The newest figures reveal the numbers appealing a ruling are expanding. There are presently more than 6,043 per month, and the vast proportion of 65% is overthrown by the judge. It’s shocking that 2 in every 3 PIP decisions appealed is successful, and its excellent that those decisions are then reversed and those people are getting the levels of assistance that they require, but we shouldn’t be in a situation where people have to depend on the appeals process to get that assistance in the first place, people should be able to expect that the first decision that they get will be the right one.
The government states that PIP assessments are carried out by qualified health professionals and that judgments are made following reflection of all the data provided, comprising supporting data from their GP.
Wendy Mitchell has dementia. And she began to forget the most ridiculous of words, and that’s when it hit her that something wasn’t quite right. Her life has changed, solely from the point that she had to leave work. Previously she could chat about anything and everything, but now she has loads of notes.
Wendy never got DLA, she was one of the first to be moved directly onto PIP following her diagnosis of Alzheimer’s disease, under the current policy she still has to be reassessed every 18 months. When her latest decision came through she was told her requirements had changed, and her entire benefits would be slashed from £77 a week to nothing.
She just uses it to live, it allows her to live independently, that’s the entire goal of the benefit itself. It permits her to remain and to live in her own home.
Reliable statistics reveal that overall under PIP, numerous people with dementia, seem to be getting the higher rate of payments. The experts state that’s not the whole story, and the Alzheimer’s society maintains its gotten at least 250 calls from people having difficulties with the benefit covering the last 18 months.
Wendy doesn’t remember the content of the meeting, however, she remembers feeling that she wasn’t there very long and the person didn’t ask her many questions to encourage her to remember what she was supposed to be saying, and she didn’t believe that the person had any recognition of her health problems, and she thought that the person lacked any understanding of dementia whatsoever.
Furthermore, she then got the shocking letter that informed her that she was no longer going to get any payment whatsoever. Plus a list of all of the stuff that she was supposedly better at, that she was 18 months before. It’s absurd since she wishes that she was better, who wouldn’t when they have dementia.
It made her feel so demoralised. She immediately recognised that the system is broken since how can they tell her that she’s become better when obviously she will simply get worse, there is no cure for dementia, and there are specific situations when dealing with people who have dementia, MS and additional illnesses comparable to this, that are not reversible, and their infirmity will never get better.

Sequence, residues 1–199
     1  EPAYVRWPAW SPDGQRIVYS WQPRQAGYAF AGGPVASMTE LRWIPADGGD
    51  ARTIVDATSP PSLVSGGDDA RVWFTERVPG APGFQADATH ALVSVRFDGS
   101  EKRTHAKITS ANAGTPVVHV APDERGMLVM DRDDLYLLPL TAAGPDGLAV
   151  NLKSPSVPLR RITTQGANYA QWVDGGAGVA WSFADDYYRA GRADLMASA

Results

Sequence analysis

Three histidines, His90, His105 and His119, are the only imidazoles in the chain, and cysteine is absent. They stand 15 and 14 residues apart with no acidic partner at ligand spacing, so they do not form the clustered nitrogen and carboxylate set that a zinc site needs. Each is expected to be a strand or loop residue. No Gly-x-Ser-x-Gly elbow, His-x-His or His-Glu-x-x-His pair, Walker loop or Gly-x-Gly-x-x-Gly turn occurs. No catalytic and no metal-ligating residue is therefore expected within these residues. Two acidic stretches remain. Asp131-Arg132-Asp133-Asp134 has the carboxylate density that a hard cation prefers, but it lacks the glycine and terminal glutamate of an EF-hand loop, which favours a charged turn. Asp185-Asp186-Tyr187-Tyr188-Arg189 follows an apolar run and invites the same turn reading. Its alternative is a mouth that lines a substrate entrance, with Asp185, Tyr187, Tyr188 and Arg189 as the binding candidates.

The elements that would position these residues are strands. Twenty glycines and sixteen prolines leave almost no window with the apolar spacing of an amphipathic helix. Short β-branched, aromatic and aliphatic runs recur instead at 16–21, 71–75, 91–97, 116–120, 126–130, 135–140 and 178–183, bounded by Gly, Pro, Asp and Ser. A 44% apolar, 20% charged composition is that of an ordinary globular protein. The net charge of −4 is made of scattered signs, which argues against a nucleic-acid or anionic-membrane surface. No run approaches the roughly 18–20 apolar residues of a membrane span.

You can’t just make them healthier with a snap of the finger, but their pain can be reduced a tiny bit if they are given the money that enables them to maybe live independently.
It’s a story we learn about in the papers every day, but these people haven’t hit the jackpot when given this money from PIP, it’s an indispensable component of their everyday life. People don’t simply wake one morning and pronounce, that they’ll be ill merely for the pleasure of it so they can get money and state they are sick.
PIP can spread faeces on the sick and disabled, they can present them as shirkers, but the critics know that is not actually the case.
Look about you when your out buying clothes, in a restaurant, or even simply out on the street passing people by. Observe and see, view with your soul, and you will see that almost every other person is impaired in one way or another.
See the person next to you, he/she has glasses, that is an impairment, or the person waiting at the bus stop with the hearing aid. Even your neighbour next door who is a Diabetic, or suffers from Epilepsy, we might not see these ailments, but they are there, right in front of our eyes, and simply because we do not see them, does not indicate they do not exist, and they are quite real.
My mum used to say to me that nobody else can feel somebody else’s pain, and that is very accurate. Just because you can’t see it or feel it, does not imply it’s not there, just because a person seems in good health, doesn’t indicate that they are. It’s called an invisible illness because that’s precisely what it is, invisible because it’s not visible on the outside, it’s on the inside destroying that person like a deadly growth.
Therefore, I urge people who work for PIP, when you next sit next to somebody on the bus or in a queue, take a careful look at that person, they might look well and in excellent health, but you have no concept of what’s going on within their body, and how it might affect their daily life.
As human beings, none of us are perfect, and the government should regard this message that one day it could be them that are in a comparable position as these sick disabled people that they are taking money away from, and if a hospital or doctor has confirmed that they are ill, and their situation will never get better, then that should be sufficient, full stop!